Warren Buffett’s most famous quote has to be: “Be fearful when others are greedy and greedy when others are fearful.” But how do we know when others are fearful or greedy?
I’ve written about margin debt as the, “index of the volume of speculation,” but there’s another indicator that can be useful in this regard and, like margin debt, it’s another real money indicator rather than just a survey of investor opinion. That is the Rydex Ratio, or the measure of Rydex traders’ assets in bear funds and money market funds relative to their assets in bull funds and sector funds.
There are a few different ways to use this ratio but the simplest is to just observe the overall level of the ratio. In the chart below, the ratio is inverted so that it corresponds better with the level of the S&P 500 Index. Currently, Rydex traders are just about as bullish as they were in early-2018, just prior to the Volmageddon sell off, and in the fall of 2018, just prior to the fourth quarter waterfall decline of that year.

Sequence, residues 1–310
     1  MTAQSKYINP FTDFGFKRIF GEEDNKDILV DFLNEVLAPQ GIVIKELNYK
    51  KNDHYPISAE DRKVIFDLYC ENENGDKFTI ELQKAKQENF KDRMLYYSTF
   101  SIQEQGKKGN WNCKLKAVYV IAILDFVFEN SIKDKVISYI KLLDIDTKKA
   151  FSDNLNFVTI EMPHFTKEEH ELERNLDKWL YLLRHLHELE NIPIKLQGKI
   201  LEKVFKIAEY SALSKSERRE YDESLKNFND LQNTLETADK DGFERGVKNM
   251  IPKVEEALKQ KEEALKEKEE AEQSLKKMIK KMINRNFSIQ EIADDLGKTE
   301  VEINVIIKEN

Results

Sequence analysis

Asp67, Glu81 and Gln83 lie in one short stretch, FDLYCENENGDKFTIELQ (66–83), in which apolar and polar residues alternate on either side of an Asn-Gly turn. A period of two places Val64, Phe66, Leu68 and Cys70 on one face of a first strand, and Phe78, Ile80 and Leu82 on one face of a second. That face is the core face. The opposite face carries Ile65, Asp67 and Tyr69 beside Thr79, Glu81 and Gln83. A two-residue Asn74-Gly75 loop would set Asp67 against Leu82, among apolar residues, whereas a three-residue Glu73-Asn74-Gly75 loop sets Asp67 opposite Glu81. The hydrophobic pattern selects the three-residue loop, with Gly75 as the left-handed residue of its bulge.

But when you zoom out even further it becomes apparent just how greedy these traders have now become. Even at the peak of the dotcom mania, from late-1999 into early-2000, they weren’t as aggressively positioned as they are today.
So, from both a short-term and long-term perspective, it’s pretty clear investors have become greedy and to a fairly rare degree. For this reason, it may be wise to, “be fearful,” right now when it comes to overall equity exposure.